Incidence of Induced Abortion in Uganda, 2013: New Estimates Since 2003

Elena Prada, Independent Consultant, Guttmacher Lynn M. Atuyambe, Makerere University, School of Public Health Nakeisha Blades, Guttmacher Institute Justine N. Bukenya, Makerere University, School of Public Health Christopher Garimoi Orach, Makerere University, School of Public Health Akinrinola Bankole, Guttmacher Institute

First published on PLOS ONE:

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Abstract / Summary


In Uganda, abortion is permitted only when the life of a woman is in danger. This restriction compels the perpetuation of the practice in secrecy and often under unsafe conditions. In 2003, 294,000 induced abortions were estimated to occur each year in Uganda. Since then, no other research on abortion incidence has been conducted in the country.



Data from 418 health facilities were used to estimate the number and rate of induced abortion in 2013. An indirect estimation methodology was used to calculate the annual incidence of induced abortions ─ nationally and by major regions. The use of a comparable methodology in an earlier study permits assessment of trends between 2003 and 2013.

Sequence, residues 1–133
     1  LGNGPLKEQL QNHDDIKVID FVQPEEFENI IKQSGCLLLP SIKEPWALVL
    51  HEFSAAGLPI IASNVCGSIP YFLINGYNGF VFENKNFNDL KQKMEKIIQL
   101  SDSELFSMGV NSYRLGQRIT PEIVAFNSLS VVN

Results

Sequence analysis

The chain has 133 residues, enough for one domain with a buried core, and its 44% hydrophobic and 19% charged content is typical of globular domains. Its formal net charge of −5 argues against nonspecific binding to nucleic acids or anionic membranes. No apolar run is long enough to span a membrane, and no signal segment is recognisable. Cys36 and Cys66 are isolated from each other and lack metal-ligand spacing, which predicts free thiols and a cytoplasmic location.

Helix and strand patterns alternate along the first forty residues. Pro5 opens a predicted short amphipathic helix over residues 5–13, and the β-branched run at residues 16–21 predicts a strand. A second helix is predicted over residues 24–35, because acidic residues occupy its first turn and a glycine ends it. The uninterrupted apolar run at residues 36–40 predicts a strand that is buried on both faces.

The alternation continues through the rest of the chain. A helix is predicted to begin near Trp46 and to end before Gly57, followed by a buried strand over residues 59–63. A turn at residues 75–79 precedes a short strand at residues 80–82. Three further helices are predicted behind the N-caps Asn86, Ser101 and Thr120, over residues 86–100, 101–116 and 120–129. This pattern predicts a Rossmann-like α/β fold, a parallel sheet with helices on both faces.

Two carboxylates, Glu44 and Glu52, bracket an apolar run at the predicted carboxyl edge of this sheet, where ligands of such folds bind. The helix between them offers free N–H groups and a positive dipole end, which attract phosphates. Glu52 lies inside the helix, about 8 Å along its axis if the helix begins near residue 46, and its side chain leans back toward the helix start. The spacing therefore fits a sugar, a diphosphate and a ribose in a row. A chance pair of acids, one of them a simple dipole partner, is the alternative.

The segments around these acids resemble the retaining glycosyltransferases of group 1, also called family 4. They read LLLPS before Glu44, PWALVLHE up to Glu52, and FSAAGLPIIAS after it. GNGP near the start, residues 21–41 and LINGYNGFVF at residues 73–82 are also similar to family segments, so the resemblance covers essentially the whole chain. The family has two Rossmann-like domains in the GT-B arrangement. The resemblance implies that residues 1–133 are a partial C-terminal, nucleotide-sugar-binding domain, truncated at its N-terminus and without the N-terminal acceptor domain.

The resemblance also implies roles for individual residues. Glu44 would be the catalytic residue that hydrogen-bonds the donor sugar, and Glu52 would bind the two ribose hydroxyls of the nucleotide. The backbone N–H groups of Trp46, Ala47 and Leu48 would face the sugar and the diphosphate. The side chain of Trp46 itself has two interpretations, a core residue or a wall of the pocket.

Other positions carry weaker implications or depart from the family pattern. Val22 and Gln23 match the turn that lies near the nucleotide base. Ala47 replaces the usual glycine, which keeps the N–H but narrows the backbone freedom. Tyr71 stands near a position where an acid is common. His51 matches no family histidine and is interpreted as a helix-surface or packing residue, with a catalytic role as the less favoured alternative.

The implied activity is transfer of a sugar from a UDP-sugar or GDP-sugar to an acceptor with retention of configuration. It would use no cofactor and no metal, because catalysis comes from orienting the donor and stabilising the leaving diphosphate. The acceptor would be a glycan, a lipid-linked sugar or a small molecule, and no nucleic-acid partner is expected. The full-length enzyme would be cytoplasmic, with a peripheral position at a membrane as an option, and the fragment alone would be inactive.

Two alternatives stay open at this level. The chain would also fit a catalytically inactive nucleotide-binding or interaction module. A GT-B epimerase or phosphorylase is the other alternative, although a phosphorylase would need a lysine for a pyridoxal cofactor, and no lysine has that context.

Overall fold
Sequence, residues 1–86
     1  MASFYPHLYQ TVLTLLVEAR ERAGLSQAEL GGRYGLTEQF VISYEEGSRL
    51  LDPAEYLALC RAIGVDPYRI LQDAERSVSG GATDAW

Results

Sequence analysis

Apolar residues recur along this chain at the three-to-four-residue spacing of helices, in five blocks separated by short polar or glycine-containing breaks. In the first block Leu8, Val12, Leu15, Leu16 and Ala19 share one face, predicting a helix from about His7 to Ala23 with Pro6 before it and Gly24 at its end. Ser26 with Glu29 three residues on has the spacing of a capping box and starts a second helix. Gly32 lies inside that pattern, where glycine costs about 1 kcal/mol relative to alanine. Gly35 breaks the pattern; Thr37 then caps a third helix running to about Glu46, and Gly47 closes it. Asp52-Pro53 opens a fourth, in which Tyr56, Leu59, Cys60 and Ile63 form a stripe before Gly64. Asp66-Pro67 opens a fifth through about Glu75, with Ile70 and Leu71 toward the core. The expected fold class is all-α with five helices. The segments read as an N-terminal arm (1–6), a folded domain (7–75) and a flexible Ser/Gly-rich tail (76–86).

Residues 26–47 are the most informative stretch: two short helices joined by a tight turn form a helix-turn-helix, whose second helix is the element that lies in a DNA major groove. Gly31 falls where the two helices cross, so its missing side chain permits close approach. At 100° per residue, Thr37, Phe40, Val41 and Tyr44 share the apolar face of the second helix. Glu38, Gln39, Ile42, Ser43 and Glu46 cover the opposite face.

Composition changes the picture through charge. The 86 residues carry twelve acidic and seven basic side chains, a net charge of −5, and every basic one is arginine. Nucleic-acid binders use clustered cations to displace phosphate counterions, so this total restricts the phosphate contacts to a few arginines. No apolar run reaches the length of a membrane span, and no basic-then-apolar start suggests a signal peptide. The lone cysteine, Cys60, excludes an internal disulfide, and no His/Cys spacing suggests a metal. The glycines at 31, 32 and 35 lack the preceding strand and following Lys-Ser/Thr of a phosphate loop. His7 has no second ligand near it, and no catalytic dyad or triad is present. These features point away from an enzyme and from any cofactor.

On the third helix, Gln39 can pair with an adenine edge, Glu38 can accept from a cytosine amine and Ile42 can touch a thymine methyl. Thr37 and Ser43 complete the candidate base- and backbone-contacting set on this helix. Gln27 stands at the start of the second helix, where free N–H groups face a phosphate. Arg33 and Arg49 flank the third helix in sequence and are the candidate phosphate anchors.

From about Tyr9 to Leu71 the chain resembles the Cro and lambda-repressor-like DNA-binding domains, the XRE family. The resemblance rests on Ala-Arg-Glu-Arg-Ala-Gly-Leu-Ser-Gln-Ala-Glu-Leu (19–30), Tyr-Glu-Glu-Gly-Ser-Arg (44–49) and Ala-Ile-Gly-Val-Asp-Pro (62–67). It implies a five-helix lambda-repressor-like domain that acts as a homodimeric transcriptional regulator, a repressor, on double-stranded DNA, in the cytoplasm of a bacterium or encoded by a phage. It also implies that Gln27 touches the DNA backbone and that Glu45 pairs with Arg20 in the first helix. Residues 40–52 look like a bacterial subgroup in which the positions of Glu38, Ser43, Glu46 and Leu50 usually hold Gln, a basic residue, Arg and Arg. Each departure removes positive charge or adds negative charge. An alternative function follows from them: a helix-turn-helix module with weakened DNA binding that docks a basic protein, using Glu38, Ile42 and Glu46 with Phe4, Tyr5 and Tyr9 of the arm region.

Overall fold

In 2013, an estimated 128,682 women were treated for abortion complications and an estimated 314,304 induced abortions occurred, both slightly up from 110,000 and 294,000 in 2003, respectively. The national abortion rate was 39 abortions per 1,000 women aged 15–49, down from 51 in 2003. Regional variation in abortion rates is very large, from as high as an estimated 77 per 1,000 women 15–49 in Kampala region, to as low as 18 per 1,000 women in Western region. The overall pregnancy rate also declined from 326 to 288; however the proportion of pregnancies that were unintended increased slightly, from 49% to 52%.



Unsafe abortion remains a major problem confronting Ugandan women. Although the overall pregnancy rate and the abortion rate declined in the past decade, the majority of pregnancies to Ugandan women are still unintended. These findings reflect the increase in the use of modern contraception but also suggest that a large proportion of women are still having difficulty practicing contraception effectively. Improved access to contraceptive services and abortion-related care are still needed.